GREAT ABACO, The Bahamas – A new report estimates the total cost of the impacts and effects of hurricane Dorian on The Bahamas at $3.4 billion, with hundreds dead or missing and impacts on the economy that will last for years.
The estimate comes out to over a quarter of the country’s GDP – or the equivalent of the US losing the combined economic outputs of California, Texas, and Florida. The magnitude of the losses requires a new development approach to achieve climate and disaster resilience in areas that range from the location of settlements to redesigning infrastructure and strengthening environmental protection, according to the report, assessment of the effects and impacts of hurricane Dorian in The Bahamas.
The number of confirmed deaths caused by hurricane Dorian is 67, with 282 persons still missing as of October 18, 2019. An additional 29,472 persons were affected by the hurricane by damages to their homes and assets.
Between September 1 and 3, hurricane Dorian struck Grand Bahama and Abaco with punishing winds and storm surges, with the island of New Providence also suffering some impacts. Inadequate construction and infrastructure located in vulnerable areas exacerbated the storm’s impacts.
“It is important that those directly affected by the disaster feel the presence and solidarity of the government throughout the difficult process ahead,” said Daniela Carrera-Marquis, the representative of the Inter-American Development Bank (IDB). “Reconstruction efforts will last many years and will require well-coordinated participation of public and private sectors, civil society and the international community.”
The government of The Bahamas asked the IDB to assess the impacts of hurricane Dorian. As part of a long-standing partnership, the IDB teamed up with the United Nations Economic Commission for Latin America and the Caribbean (ECLAC) for technical assistance with the valuation. The taskforce was complemented by the Pan-American Health Organization (PAHO).
“Hurricane Dorian left a trail of destruction to houses, essential infrastructure and entire ecosystems that will require major investments,” said Omar Bello, Coordinator for the Sustainable Development & Disaster Unit at ECLAC and a lead author of the report. “The economy and livelihoods will be impacted for years to come from the temporary absence of damaged assets, especially those of tourism and fisheries.”
The Damage and Loss Assessment (DaLA) team of external experts, ECLAC, IDB and PAHO staff started in early October the complex task of collecting relevant baseline and post-disaster data to assess the effects and impacts of the disaster. The results are divided into damage, losses and additional costs. Damage is a monetary estimation of the value of the physical assets partially or totally destroyed in each sector.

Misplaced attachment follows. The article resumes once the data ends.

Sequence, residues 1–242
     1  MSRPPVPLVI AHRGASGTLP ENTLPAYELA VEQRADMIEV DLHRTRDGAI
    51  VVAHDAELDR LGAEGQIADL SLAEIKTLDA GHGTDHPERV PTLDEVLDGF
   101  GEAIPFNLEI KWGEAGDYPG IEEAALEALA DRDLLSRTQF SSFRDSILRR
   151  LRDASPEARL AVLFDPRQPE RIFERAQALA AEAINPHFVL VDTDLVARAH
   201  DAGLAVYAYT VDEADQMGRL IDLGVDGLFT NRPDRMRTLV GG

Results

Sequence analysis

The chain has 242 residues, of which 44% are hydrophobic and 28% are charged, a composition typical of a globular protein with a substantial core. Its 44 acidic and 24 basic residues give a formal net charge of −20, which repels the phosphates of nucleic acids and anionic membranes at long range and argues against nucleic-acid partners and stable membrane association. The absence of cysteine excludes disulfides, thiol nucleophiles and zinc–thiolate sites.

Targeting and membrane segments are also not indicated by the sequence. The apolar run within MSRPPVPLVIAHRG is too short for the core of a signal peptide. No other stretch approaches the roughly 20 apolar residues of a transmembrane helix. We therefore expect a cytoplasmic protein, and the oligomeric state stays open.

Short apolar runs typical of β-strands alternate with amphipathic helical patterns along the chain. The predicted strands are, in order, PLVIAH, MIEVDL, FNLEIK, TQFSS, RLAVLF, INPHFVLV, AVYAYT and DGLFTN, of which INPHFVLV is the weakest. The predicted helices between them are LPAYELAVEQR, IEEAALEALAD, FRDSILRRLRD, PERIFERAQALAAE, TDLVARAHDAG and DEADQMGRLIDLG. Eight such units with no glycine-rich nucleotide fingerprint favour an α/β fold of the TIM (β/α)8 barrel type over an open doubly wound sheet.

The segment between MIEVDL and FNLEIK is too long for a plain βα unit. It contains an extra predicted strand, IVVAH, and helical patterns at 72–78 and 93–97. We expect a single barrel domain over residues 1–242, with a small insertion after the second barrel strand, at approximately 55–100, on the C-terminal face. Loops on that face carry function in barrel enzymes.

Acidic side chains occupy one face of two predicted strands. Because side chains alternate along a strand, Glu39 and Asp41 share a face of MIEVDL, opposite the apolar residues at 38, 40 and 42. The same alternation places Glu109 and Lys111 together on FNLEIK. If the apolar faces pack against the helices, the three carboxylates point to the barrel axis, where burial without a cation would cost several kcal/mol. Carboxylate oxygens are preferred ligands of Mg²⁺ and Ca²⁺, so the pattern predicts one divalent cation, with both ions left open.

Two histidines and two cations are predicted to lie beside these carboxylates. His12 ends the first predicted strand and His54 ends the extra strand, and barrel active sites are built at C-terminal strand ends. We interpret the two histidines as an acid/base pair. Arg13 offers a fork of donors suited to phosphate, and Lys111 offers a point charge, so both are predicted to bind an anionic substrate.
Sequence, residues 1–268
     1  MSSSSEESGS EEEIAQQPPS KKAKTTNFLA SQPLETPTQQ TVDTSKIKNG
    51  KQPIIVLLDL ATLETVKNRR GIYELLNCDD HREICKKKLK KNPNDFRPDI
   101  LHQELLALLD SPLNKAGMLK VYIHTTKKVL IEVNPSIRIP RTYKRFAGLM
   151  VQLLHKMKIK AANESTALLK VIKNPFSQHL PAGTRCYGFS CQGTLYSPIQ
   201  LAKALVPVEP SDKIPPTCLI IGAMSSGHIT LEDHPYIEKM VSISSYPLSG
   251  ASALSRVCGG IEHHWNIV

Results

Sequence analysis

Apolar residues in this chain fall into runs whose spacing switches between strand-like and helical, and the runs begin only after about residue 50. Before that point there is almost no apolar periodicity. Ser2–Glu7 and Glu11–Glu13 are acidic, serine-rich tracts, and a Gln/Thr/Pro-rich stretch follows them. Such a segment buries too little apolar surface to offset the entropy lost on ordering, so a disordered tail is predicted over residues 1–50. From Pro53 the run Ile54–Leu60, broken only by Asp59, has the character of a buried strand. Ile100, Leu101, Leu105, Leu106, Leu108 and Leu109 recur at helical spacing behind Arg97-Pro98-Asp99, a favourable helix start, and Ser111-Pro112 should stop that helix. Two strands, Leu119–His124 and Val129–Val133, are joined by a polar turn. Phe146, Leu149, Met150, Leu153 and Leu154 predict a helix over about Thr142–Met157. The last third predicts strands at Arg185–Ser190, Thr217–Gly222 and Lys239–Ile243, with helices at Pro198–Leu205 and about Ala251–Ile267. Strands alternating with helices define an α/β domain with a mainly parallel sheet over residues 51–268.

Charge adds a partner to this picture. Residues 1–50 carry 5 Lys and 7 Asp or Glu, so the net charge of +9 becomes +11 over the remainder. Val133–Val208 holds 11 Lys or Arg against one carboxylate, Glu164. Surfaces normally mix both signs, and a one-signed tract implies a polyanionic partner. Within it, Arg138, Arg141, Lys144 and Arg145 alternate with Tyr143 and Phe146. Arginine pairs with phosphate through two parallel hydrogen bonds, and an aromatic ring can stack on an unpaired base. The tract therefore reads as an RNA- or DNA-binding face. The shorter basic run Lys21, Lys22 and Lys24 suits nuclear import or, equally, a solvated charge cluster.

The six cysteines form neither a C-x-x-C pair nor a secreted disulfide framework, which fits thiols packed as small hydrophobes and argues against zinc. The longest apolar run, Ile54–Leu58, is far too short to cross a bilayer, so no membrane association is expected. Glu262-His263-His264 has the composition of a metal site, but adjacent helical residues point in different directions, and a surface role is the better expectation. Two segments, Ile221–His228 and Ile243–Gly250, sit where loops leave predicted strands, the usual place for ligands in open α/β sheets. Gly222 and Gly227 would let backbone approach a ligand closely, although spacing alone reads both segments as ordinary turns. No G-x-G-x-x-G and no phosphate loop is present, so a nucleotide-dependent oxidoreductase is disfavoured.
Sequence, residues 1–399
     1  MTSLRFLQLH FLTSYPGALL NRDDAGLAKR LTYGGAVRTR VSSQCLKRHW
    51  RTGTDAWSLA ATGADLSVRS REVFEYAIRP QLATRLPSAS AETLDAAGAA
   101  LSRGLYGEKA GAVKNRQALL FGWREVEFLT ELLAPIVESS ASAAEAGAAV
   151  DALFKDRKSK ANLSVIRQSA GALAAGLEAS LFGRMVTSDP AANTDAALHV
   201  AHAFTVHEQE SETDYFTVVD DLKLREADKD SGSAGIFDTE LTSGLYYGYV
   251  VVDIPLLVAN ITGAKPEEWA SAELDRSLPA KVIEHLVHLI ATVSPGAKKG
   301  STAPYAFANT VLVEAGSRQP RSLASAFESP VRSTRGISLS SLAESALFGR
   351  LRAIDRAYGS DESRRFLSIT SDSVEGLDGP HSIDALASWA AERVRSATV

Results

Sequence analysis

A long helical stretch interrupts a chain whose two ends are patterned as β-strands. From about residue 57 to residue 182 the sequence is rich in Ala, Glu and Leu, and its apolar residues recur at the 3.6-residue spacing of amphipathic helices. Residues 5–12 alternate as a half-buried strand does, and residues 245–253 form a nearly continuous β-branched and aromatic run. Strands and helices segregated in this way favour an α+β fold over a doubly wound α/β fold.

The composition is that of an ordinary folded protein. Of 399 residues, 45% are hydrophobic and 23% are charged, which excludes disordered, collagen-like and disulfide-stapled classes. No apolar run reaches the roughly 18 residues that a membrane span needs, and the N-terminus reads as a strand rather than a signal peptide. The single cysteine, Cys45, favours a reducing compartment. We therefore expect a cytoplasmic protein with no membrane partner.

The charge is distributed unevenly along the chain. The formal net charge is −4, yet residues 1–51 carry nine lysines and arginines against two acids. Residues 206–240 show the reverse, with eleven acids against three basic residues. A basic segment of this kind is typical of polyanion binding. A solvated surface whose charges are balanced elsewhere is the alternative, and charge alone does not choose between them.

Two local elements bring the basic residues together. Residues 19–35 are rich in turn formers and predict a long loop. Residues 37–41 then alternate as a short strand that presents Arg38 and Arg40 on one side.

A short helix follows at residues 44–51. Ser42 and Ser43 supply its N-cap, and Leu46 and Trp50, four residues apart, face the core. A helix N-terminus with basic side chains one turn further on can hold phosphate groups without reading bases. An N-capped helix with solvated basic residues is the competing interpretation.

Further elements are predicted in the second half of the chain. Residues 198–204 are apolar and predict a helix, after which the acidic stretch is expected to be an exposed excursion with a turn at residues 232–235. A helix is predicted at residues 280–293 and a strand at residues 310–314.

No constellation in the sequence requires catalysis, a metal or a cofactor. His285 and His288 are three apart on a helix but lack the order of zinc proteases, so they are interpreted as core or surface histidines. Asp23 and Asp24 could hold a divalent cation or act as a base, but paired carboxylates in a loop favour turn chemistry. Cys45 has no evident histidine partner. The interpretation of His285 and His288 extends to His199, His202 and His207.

Losses are monetary estimation goods that go unproduced and services that go unprovided during a period running from the time the disaster occurs until full recovery and reconstruction. Additional costs are outlays required to produce goods and provide services that represent additional spending by the public and private sectors.
The $3.4 billion impacts were divided as 72 percent in damage, 21 percent in losses and seven percent in additional costs with the private sector absorbing almost 90 percent of total losses. Abaco suffered 87 percent of the losses and 76 percent of the damage.
The housing sector suffered the highest damage, while the tourism sector bore most of the losses.
Post-disaster the economy is expected to grow 0.9 percent. The impact of hurricane Dorian is a percentage point of GDP, resulting in a decrease in salaries of $51.3 million and of capital income of $60.9 million.
Damage assessment reports have been used to assist governments in better allocating limited resources, and to sensitize the international community on the impact of extreme climatic events, the high costs of reconstruction and to mobilize support. This report may serve as a basis to put together a plan that makes the best use of scarce financial, technical and institutional resources.
As a long-term prospect for The Bahamas, achieving disaster and climate change resilience will require rethinking development strategies, the location of settlements, redesigning infrastructure, securing better data and information management, and strengthening environmental protection as a first protection barrier against natural hazards, according to the report.